- a black creative can stay on the same salary for three years, whilst most white creatives get mid-year and end of year salary increases. The argument is that they work harder. Well, of course, because they’d be getting more briefs (exciting ones), getting more opportunities and chances to prove themselves. But it has nothing to do with talent, it is pure systemic discrimination.
- black creatives usually get crumbs of briefs. They get the jobs that nobody else wants to do. You know, those not so sexy or exciting briefs. If you are a black creative, you continuously have to “fight” to get opportunities. But not many fight, because fighting is scary. Fighting just makes things worse for you. You get worked out of the system real quick.
- as a black creative, you can’t afford to do anything wrong, because even a natural mistake “proves” that you don’t deserve to be here, and that the only reason you are here is because of BEE. Imagine that, walking around with this thing hanging over your head that you are only in the boardroom because “it will look bad if there are no black faces”. See, we even get reduced to just being a face – and not seen as a professional who is there to add value – hence many remain voiceless. The face is there, but dololo the value. In worse case scenarios, when you are invited to meetings, sometimes you get “coached” on how to behave, how much you should say or not say, and all you have to do, is to just be present, smile, and leave the rest to your white managers.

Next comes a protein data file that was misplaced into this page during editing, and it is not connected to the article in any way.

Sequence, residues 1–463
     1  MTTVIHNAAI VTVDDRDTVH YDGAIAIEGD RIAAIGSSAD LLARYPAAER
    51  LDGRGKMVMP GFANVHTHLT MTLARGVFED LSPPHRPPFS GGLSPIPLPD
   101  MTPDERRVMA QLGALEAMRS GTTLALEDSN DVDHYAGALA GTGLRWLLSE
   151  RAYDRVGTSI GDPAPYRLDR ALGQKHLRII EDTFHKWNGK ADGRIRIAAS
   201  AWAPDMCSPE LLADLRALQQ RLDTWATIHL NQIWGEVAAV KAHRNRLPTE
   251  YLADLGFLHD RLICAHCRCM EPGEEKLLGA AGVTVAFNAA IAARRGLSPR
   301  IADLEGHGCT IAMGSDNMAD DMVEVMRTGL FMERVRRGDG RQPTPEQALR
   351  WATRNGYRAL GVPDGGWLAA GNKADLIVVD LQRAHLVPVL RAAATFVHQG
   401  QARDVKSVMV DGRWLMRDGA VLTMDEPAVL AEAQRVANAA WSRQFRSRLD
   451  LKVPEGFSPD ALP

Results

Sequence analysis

- if you are black in advertising and don’t speak for yourself, your career is dead before it even began.
- this is exacerbated by BEE. When you are black, it matters not how well you perform, you are always seen and perceived as a BEE point. The only reason you are in the boardroom is to improve the agency’s BEE rating. That’s why most agencies rate better, even without black representation at the top.
- it’s like being a black cricket player, you will be seen as a none deserving quota player, or there is an actual cap on how many black people can be in a room or in positions of power. Why? Because the aim is not to empower you, it is to meet criteria. That’s why we still have few black people in positions of power, because we are ticking the legal law, and doing so because it is the right thing to do.